Now Hopkins is motivated to break his own record in Saturday's challenge of Tavoris Cloud, who is just 31 and undefeated (officially at least; I, like legions, thought he lost to Gabriel Campillo in his most recent fight, which happened 13 months ago).
So the question is, can Hopkins -- 17 years older than the in-his-prime Cloud -- pull yet another rabbit out of his hat?
Hopkins sure as hell isn't faster than Cloud. He's definitely not as powerful.
But he is a far better defensive fighter. He also won't have to chase after Cloud the way he did with Dawson, because Cloud usually stands in front of his opponent and wants to mix it up.
Hopkins is a much smarter fighter than Cloud. Now, don't get me wrong: I'm not saying Cloud isn't an intelligent fighter. I'm saying that Hopkins' boxing IQ is off the charts, as high as that of anyone who ever laced up gloves. He also has the experience and intangibles.
So, yeah, as crazy as it might sound, I think Hopkins has a significant chance to pull the upset and outpoint Cloud. (Hopkins hasn't had a knockout since stopping Oscar De La Hoya with a body shot in 2004.)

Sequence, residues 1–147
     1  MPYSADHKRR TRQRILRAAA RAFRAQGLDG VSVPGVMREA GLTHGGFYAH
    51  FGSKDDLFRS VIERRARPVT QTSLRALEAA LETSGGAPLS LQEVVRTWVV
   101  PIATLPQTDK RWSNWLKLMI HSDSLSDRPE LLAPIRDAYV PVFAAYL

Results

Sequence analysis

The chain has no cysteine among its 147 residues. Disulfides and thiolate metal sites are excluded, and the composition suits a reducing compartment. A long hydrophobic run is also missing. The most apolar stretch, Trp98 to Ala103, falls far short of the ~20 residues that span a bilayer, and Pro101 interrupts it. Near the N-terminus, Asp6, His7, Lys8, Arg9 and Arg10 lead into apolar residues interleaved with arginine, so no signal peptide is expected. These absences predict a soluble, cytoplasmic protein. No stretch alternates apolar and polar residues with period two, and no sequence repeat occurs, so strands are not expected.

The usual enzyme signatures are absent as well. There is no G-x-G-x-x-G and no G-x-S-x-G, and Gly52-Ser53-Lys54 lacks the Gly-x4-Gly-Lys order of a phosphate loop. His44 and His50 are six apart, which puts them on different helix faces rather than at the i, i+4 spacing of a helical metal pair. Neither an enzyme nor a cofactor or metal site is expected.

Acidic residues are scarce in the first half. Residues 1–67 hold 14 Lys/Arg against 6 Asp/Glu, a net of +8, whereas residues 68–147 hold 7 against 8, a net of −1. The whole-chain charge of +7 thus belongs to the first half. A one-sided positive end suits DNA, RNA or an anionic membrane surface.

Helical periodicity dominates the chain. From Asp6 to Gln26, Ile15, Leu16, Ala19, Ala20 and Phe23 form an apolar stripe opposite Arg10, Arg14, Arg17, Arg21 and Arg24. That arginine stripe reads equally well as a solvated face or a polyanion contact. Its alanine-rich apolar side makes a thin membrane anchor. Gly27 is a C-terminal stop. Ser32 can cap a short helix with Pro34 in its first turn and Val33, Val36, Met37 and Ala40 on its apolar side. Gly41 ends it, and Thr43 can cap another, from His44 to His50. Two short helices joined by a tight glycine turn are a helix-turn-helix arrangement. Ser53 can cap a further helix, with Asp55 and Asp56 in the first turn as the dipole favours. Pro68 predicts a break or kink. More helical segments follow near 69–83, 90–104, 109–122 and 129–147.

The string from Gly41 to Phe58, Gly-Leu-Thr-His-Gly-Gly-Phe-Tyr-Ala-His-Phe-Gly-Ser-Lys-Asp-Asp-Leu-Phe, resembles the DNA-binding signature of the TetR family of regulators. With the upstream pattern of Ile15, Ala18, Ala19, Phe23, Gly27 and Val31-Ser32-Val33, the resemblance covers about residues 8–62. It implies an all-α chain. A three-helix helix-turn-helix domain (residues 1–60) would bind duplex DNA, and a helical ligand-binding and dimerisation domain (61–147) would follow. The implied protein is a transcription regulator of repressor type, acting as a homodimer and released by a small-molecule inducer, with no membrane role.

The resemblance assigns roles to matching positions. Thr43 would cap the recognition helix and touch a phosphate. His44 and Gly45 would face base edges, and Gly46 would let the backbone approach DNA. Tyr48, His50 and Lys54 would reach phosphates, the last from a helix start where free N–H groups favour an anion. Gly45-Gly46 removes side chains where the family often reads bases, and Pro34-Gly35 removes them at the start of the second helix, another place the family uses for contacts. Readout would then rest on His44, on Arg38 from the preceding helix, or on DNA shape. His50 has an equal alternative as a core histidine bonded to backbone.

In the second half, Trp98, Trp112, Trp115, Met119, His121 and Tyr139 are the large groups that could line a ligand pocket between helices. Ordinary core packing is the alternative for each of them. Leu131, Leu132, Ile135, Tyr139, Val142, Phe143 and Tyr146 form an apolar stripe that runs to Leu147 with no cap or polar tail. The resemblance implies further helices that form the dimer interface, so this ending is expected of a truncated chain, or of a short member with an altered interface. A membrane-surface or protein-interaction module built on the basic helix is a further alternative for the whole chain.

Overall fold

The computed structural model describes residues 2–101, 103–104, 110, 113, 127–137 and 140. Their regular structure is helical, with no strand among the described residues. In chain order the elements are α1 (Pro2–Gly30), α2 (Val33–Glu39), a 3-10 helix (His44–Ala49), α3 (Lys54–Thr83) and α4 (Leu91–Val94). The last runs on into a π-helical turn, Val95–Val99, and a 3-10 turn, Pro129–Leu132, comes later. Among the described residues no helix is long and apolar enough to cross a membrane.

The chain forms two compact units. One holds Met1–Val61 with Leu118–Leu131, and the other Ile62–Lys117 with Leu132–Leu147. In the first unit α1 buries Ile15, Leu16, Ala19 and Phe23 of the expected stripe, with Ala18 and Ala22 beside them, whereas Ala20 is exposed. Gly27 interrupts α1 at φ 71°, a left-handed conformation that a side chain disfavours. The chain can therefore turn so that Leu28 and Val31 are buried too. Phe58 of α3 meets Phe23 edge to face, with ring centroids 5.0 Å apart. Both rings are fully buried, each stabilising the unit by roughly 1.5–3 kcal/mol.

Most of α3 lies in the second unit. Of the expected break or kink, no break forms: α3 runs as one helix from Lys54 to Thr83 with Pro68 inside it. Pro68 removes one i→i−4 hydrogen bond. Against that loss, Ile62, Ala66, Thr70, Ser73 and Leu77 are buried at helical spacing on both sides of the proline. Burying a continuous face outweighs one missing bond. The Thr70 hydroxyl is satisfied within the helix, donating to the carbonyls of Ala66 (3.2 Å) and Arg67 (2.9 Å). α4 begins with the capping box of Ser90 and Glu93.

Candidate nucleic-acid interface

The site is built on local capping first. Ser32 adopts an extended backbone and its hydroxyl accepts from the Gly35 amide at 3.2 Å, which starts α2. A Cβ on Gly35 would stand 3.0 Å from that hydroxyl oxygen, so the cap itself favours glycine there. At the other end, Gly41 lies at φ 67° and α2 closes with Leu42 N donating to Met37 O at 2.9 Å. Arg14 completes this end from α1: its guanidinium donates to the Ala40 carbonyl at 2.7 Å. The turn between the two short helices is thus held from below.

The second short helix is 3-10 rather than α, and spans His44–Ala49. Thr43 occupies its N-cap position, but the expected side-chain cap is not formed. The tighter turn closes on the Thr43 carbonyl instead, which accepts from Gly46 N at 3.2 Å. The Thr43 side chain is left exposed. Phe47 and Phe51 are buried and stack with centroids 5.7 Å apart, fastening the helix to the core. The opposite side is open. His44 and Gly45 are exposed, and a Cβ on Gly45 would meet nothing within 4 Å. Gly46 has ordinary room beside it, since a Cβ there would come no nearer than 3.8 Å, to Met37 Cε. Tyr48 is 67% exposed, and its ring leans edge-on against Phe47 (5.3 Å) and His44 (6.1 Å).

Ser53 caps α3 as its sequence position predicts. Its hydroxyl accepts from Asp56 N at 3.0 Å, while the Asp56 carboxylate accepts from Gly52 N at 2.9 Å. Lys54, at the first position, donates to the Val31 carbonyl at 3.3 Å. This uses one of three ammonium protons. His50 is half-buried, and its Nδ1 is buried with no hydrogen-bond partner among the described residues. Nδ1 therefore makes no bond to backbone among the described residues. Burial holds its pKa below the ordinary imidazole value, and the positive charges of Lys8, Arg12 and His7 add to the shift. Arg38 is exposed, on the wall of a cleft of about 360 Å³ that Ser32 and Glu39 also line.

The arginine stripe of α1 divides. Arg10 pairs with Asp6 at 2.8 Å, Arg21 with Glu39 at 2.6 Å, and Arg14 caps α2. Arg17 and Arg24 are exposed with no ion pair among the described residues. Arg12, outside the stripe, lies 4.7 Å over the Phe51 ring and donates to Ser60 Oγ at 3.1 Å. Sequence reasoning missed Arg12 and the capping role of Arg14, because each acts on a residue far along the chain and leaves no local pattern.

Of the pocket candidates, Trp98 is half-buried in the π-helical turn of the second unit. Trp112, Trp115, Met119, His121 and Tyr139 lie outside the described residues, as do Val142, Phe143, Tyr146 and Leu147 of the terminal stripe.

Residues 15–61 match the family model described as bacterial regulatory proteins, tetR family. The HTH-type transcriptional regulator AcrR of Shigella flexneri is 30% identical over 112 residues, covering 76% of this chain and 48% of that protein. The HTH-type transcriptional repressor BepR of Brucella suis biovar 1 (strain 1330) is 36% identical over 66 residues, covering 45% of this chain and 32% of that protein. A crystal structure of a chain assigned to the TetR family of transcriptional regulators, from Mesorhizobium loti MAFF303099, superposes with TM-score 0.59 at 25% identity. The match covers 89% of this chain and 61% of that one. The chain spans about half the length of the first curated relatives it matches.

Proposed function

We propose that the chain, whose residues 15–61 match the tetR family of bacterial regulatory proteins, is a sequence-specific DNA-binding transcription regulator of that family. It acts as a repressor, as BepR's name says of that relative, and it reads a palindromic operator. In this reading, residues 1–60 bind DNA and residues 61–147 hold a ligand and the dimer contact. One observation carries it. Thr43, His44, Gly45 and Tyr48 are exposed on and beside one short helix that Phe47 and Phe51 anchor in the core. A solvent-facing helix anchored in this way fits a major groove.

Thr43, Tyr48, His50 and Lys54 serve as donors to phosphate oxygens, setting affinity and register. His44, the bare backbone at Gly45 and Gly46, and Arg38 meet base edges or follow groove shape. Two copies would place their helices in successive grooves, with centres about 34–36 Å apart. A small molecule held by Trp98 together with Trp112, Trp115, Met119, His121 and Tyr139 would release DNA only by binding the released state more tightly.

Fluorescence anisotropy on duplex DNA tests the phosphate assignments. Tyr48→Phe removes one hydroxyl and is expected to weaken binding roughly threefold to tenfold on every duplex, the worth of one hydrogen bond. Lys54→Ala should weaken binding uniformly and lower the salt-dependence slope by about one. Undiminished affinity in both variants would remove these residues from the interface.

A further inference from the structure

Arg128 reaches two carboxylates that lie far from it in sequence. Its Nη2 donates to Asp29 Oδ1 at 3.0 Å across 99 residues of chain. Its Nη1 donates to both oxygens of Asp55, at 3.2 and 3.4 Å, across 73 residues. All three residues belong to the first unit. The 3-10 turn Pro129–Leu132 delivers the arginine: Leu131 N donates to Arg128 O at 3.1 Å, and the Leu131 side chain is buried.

Hopkins can't fight a full three minutes of each round on those old legs anymore -- frankly, he hasn't been able to for awhile now -- but he still knows how to fight and he still rarely gets caught cleanly. Besides, Hopkins' career is filled with so many improbable victories, upsets pulled when almost everyone was against him, that I see no reason why he can't do it again versus a good, but not great, opponent in Cloud.
Just look at what Hopkins has already done when he was the heavy underdog in his age-defying career: Knocked out Felix Trinidad when many viewed Tito as being invincible. Moved up two weight classes, then dropped and easily outpointed Antonio Tarver (I was one of the few who got that pick right). Made Kelly Pavlik look like an amateur in an easy decision win. Held Pascal to a debatable draw in their first fight. Then took it to Pascal and beat him in the rematch.
Hopkins is an all-time great and has made a lot of history through the years. I think there might be more to come. I have picked against him a few times and been wrong.
After covering Hopkins for the past 13 years, I have learned my lesson. Fighting Cloud won't be easy, but I've got the old man on points.